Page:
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dc.contributor.authorLindstrom, Jon Eric
dc.date.accessioned2018-08-08T19:03:22Z
dc.date.available2018-08-08T19:03:22Z
dc.date.issued1997
dc.identifier.urihttp://hdl.handle.net/11122/9489
dc.descriptionThesis (Ph.D.) University of Alaska Fairbanks, 1997
dc.description.abstractThe microbial ecology of a 1976 experimental crude oil spill in an Alaskan taiga black spruce forest was investigated in this study. Substantial oil residue remained in the soil, and several microbial parameters showed evidence of long-term oiling effects. Overall, the data suggest that the surviving community in the oiled plot has shifted toward using oil C for growth. Numbers of hydrocarbon degrading microbes, and specific hydrocarbon mineralization potentials, were significantly elevated in the oiled (OIL) plot compared to an adjacent oil-free, reference (REF) plot. Glutamate mineralization potentials and soil C mineralization, on the other hand, were not different between treatments, suggesting that OIL plot heterotrophs were well-acclimated to the oil. Despite little difference between OTL and REF soils in total C mineralized in vitro, net N mineralized was lower and net nitrification was absent in OIL soils. Analysis of the residual oil indicated minimal amounts of N were added with the spilled oil. Biomasses of total fungi and bacteria, and numbers of protozoa, showed no consistent effects due to oiling, but metabolically active fungal and bacterial biomasses were uniformally lower in OTL samples. Community-level multiple substrate metabolism (Biolog) was assessed using a new technique for extracting kinetic data from the microplates. This analysis suggested that the microbial population diversity in the OIL soils was lower than in REF soils. Further, these data indicated that the surviving populations in the OIL plot may be considered metabolic generalists. Some evidence of crude oil biodegradation was seen in the chemistry data, but enrichment of the oil residue in higher molecular weight components, duration of contact with soil organic material, and slow rates of C mineralization indicate the crude oil will persist at this site for decades. Contamination of Alaskan taiga soil at this site has yielded observable long-term microbial community effects with larger-scale consequences for ecosystem function.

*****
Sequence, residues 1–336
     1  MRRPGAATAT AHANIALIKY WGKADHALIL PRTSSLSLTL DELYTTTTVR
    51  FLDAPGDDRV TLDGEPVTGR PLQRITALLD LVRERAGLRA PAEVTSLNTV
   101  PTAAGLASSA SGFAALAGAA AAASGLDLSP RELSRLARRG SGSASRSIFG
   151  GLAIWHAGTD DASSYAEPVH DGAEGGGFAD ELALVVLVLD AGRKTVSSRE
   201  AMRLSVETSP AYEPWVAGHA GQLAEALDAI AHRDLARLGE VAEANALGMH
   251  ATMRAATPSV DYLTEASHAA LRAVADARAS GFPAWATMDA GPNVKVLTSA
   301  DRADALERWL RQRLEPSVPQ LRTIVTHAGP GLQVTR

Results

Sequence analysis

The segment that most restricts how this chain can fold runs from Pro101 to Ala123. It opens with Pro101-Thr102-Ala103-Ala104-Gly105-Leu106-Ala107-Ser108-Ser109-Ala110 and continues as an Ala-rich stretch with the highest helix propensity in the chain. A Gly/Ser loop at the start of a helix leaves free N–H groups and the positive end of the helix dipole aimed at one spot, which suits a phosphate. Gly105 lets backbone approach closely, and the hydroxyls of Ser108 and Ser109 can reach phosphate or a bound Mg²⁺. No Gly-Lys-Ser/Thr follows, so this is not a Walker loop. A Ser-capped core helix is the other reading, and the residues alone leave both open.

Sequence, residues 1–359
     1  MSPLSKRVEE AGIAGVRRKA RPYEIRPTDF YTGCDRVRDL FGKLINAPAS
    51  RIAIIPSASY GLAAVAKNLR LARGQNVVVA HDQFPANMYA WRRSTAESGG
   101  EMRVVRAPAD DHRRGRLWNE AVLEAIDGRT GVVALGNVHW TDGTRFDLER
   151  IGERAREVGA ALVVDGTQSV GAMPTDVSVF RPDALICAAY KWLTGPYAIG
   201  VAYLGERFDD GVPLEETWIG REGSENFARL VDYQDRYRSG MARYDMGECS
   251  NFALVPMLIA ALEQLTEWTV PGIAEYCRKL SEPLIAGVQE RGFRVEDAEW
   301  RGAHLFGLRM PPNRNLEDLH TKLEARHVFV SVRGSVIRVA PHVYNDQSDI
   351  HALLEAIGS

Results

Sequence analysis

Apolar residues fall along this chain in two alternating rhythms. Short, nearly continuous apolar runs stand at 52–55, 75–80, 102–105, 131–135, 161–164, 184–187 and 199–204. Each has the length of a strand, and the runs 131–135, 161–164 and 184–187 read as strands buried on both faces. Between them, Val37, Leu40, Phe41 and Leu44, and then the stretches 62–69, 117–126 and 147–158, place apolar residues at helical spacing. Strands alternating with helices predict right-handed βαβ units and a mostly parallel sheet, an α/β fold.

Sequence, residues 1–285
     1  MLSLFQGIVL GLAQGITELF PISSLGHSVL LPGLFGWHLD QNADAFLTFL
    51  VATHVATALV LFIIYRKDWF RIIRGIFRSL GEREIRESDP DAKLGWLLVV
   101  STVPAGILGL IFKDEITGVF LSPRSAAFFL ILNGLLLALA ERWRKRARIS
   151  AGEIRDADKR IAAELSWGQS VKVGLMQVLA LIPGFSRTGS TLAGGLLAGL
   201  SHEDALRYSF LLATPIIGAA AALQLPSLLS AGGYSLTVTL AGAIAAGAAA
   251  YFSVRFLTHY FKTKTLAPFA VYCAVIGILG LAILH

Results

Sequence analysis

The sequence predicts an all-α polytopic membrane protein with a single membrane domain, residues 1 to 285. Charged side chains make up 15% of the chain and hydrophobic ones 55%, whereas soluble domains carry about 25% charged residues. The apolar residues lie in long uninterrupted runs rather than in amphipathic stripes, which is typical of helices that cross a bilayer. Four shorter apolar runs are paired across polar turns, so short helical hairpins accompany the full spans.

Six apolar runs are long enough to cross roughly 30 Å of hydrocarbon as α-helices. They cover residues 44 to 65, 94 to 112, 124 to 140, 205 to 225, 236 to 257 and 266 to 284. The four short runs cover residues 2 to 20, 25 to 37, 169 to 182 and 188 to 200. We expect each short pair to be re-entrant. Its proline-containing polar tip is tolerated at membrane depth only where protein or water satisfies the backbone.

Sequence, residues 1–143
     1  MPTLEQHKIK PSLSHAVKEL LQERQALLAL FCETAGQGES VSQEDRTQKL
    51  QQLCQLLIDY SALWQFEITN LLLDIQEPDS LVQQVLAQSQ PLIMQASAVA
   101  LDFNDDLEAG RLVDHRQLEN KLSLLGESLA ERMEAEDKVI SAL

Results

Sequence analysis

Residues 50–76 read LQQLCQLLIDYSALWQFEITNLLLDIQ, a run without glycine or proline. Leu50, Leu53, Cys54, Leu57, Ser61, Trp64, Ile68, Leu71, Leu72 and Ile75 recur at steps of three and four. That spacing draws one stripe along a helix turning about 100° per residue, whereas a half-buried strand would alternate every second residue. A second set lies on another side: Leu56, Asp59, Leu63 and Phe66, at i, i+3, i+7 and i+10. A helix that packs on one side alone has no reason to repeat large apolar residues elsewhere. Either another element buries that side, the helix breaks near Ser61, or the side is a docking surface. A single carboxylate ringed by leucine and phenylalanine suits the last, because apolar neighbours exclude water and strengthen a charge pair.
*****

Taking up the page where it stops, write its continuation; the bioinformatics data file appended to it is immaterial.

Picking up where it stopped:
dc.subjectMicrobiology
dc.subjectEcology
dc.subjectEnvironmental science
dc.titleMicrobial ecology and long-term persistence of crude oil in a taiga spruce forest
dc.typeThesis
dc.type.degreephd
dc.contributor.chairBraddock, Joan F.
refterms.dateFOA2020-03-06T01:26:46Z


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